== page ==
Engineers from the University of British Columbia (UBC) in Canada who developed a new ultrasound transducer say it could lower the cost of ultrasound machines to just $100. The probe is portable, wearable and can be powered by a smartphone.
Brain MRI scans of concussed university hockey players showed the protective tissue insulating brain cell fibers became jarred loose two weeks after injury—despite being cleared to return, research published in the Frontiers in Neurology revealed.
A new algorithm that can automatically map CT scan locations of patients on computational human phantoms may trump manual mapping techniques for patient dose monitoring, clinical trials and epidemiologic studies, detailed a study published online Sept. 5 in the Journal of Digital Imaging.
Why do some people feel more pain than others? Using fMRI, researchers at Wake Forest School of Medicine in Winston-Salem, North Carolina, found the answer may lie in mindfulness, according to recent research published in PAIN.
Medical imaging may reach a higher dimension with the development of a compact hyperspectral imaging system able to measure an object’s shape and light reflection properties through so-called "5D," high-speed imaging.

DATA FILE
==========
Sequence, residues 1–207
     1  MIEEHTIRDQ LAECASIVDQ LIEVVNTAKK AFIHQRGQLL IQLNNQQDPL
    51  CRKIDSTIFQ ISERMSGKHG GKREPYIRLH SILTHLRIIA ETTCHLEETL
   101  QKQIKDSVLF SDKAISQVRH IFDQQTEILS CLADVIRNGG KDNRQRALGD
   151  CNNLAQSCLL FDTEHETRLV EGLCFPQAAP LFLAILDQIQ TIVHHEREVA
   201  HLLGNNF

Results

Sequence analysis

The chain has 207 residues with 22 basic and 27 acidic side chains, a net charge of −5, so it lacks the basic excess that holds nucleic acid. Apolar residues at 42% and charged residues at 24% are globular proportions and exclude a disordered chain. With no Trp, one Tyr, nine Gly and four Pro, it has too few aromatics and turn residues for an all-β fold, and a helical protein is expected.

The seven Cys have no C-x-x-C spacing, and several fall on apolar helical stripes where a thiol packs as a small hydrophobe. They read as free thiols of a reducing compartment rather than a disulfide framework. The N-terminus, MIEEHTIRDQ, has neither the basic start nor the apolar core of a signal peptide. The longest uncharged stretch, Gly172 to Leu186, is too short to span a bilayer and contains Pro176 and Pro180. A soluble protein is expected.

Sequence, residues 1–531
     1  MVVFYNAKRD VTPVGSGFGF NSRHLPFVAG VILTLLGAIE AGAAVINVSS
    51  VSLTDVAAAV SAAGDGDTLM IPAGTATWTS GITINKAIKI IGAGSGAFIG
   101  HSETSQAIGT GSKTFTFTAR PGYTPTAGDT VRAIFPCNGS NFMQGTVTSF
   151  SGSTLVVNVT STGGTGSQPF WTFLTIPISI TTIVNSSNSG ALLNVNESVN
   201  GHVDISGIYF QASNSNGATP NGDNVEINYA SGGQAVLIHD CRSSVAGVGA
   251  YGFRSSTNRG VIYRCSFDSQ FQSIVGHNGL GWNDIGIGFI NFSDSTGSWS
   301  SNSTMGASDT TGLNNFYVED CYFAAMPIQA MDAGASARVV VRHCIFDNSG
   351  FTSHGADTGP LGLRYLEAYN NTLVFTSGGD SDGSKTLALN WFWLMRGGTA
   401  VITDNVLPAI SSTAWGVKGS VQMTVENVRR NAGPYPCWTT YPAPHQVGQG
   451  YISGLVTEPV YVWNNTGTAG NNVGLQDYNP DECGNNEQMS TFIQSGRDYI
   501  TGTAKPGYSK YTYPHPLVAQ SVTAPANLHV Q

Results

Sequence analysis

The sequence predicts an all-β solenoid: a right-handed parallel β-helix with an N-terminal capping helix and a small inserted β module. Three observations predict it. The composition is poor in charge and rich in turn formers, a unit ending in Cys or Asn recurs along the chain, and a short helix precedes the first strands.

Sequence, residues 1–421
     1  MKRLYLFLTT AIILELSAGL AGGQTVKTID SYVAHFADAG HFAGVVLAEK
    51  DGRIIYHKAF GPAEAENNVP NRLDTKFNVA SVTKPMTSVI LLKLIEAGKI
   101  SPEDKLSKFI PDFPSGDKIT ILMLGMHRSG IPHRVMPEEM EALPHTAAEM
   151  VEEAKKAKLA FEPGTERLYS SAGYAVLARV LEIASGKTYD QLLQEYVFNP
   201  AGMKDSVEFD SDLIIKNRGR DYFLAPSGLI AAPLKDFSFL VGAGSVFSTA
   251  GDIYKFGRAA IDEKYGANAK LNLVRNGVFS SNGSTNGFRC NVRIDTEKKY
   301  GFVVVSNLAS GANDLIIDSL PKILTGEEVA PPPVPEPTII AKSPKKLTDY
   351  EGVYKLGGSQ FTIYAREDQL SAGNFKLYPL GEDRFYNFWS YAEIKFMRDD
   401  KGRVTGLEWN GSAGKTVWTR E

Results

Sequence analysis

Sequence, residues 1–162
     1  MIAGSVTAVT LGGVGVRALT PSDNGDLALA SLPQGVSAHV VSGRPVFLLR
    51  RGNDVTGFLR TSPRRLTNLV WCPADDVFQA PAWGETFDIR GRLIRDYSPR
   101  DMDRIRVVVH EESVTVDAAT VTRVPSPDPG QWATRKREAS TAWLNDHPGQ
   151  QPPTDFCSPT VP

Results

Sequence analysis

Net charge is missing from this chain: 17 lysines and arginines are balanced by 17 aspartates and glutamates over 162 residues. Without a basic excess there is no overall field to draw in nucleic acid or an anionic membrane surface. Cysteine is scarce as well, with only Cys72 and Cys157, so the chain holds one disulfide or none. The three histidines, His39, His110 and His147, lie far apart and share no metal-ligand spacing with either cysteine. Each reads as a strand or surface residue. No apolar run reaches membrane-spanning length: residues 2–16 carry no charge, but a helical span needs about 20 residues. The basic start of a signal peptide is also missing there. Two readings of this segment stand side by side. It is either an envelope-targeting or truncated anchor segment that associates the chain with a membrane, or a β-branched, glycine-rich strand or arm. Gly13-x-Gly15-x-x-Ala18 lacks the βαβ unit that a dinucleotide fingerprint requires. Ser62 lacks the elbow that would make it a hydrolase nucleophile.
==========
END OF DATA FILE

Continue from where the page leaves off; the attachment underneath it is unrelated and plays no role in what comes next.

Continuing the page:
Researchers at Purdue University in West Lafayette, Indiana, are creating a photoacoustic tomography probe that combines optical and ultrasound techniques to improve diagnosis of common and costly diseases.
“We found no evidence of intracranial gadolinium deposition on brain MR images in patients who had intraarticular gadolinium administered for MR arthrography and no other GBCA exposure,” wrote lead author Lauren Ladd, MD, and a radiologist at the Indiana University School of Medicine.
Researchers from Duke University have created a handheld probe capable of capturing images of photoreceptors in the eyes of infants—potentially aiding early diagnoses of brain-related diseases and trauma.
Virtual Brain Segmenter (VBS), which automatically processes medical imaging data such as MRIs through segmentation, could increase the efficiency of brain scan analysis, according to a USC news release from Aug. 21.
Nanoscientists at Rice University in Houston have created a method to pack iron into nanoparticles to create MRI contrast agents that outperform gadolinium-based agents, according to research published in ACS Nano.
Researchers from the Department of Energy's Lawrence Berkeley National Laboratory have developed an imaging application that utilizes light-emitting nanoparticles and could provide a safer way to see deeper into living tissue and cells, according to research published in Nature Communications.